Neary 5,000 pilots under probe for allegedly hiding critical medical information, all of them US veterans

Thousands of pilots are under investigation amidst mounting concerns over undisclosed medical conditions that could leave them grounded.

The records of nearly 5,000 pilots are receiving close scrutiny from the Federal Aviation Administration (FAA) after the agency became aware of irregularities that, in some instances, could amount to falsified records. Details on the investigation were reported by The Washington Post which said that pilots being looked at are military veterans.

According to the newspaper, the discrepancies were first discovered over two years ago by Veterans Affairs (VA) investigators and the FAA had kept the probe undisclosed to the public after learning many pilots were receiving disability benefits from their time in the service. Of the roughly 4,800 pilots investigated thus far, half of the cases were reported closed.

In addressing the matter to the Post, FAA spokesman Matthew Lehner disclosed that of the pilots believed to have falsified or submitted incorrect medical information to maintain their licenses, 60 pilots “posed a clear danger to aviation safety” and were prohibited from flying while under review.

Lehner noted that the majority “may continue to operate safely while we complete the reconciliation process,” but former Army pilot Rich Mangini, 52, himself grounded over medical reasons, decried the investigation as “harassment” of veterans.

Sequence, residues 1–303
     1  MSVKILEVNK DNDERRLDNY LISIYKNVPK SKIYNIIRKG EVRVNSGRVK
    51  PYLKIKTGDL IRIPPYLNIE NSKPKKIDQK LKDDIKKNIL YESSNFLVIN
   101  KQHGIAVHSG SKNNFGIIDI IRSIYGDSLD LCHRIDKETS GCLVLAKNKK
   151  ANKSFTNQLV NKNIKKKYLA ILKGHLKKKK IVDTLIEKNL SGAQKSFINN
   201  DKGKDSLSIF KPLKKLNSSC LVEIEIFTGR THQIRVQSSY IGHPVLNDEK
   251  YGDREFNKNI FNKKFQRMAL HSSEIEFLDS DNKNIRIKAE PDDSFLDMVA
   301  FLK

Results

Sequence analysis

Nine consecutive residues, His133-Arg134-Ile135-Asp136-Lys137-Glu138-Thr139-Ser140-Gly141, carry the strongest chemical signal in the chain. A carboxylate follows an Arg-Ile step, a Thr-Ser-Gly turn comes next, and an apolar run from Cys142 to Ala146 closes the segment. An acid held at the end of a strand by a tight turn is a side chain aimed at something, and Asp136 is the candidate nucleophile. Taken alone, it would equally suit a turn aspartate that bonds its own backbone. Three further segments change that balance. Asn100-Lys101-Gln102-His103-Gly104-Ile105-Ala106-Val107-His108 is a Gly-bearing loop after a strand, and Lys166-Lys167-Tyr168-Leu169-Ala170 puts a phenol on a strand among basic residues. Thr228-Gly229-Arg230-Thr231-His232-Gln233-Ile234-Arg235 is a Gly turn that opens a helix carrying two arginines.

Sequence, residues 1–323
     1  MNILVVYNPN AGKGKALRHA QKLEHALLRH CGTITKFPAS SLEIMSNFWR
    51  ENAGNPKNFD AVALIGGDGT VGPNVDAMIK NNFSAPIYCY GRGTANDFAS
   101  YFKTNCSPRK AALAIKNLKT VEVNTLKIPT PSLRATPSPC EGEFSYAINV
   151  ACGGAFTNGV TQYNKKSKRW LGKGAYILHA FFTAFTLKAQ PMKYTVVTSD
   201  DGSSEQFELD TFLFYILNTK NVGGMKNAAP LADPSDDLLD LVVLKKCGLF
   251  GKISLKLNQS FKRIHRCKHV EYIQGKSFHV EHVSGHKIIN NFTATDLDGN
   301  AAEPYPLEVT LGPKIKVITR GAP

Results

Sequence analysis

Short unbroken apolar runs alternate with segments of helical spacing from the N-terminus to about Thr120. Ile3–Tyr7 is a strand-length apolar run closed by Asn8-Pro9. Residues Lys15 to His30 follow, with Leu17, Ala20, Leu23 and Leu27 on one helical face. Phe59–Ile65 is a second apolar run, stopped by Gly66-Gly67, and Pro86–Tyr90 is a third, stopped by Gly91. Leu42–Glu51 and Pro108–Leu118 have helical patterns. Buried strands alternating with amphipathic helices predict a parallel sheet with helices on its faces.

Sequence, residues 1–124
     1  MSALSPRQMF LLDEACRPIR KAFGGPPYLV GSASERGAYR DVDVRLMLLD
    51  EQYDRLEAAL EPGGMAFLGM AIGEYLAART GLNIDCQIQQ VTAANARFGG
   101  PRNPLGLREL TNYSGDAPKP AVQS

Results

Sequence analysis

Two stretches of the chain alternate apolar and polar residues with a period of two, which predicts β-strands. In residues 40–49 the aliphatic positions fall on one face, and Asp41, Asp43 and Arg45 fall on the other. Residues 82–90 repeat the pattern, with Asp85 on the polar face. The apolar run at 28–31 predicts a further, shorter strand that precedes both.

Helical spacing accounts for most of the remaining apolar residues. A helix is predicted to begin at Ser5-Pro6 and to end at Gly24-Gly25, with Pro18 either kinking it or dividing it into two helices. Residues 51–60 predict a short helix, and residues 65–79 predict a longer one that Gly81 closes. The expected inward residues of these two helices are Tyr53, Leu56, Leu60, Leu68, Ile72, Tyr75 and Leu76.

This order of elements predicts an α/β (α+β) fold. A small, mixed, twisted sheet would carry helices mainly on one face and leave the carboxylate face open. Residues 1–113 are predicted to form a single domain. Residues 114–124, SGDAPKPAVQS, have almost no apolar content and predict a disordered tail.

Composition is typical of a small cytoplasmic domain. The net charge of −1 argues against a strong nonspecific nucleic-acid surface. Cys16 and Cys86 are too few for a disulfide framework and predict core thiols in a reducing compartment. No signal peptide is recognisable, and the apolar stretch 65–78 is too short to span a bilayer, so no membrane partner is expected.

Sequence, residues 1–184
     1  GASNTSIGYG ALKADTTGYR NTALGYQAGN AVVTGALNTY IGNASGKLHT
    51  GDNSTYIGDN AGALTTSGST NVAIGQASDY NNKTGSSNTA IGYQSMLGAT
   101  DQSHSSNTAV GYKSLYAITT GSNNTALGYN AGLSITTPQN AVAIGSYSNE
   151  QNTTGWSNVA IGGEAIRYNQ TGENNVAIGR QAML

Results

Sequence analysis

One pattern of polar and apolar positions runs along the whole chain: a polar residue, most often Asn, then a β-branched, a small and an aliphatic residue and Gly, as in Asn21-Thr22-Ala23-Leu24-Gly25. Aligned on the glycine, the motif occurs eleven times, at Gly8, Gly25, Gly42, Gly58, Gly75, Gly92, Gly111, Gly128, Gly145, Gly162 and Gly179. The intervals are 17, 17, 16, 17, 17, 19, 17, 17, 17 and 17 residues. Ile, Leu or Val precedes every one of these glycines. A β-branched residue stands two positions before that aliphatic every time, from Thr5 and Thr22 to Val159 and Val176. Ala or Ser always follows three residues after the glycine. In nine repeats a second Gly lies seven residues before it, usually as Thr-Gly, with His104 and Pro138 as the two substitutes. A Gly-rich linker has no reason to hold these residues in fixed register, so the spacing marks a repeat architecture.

“If they’re going to shine a light on veterans, they need to shine a light everywhere,” he said. Mangini became aware that he was under review after his VA disability benefits for sleep apnea were found to be undisclosed from his FAA records.

While he argued he was not aware that the specifics of his condition had to be disclosed, he went on to tell the Post, “I know of a lot of pilots who have told me about [medical conditions] they aren’t telling the FAA about. What they’re doing to veterans? That’s the definition of harassment.”

Meanwhile, as the government agency looked into the established medical records of pilots, concerns over the unknown had led to reduced standards for “normal heart function.”

As previously reported, Reuters said in February that the FAA had “broadened a standard for normal heart function in pilots because medical evidence showed no symptoms or additional health risk up to the raised threshold.”

That change came as the COVID shot, mandated for pilots, had been linked to detrimental heart conditions among other adverse reactions, though it had not been expressly connected.

Out of the pilots being investigated, roughly 600 were licensed for passenger aircraft while the others held commercial licenses permitting them to fly for cargo firms and others, a U.S. official had indicated to the Post.

Included in the agency’s findings were discoveries that some of their own contracted physicians had informed pilots on concealing medical conditions. As of last year, $3.6 million was allotted to the FAA’s Office of Aerospace Medicine to hire necessary “medical experts and other staff members” to review the medical records of the pilots.

In some instances, there is the potential for the Justice Department’s involvement should an instance of benefits fraud be alleged. Still, the Post noted that the FAA has long turned a blind-eye to undisclosed conditions stating they’ve “known for two decades that tens of thousands of pilots are probably flying with serious undisclosed medical conditions, based on past investigations and audits, and experts who have testified before Congress.”

Kevin Haggerty

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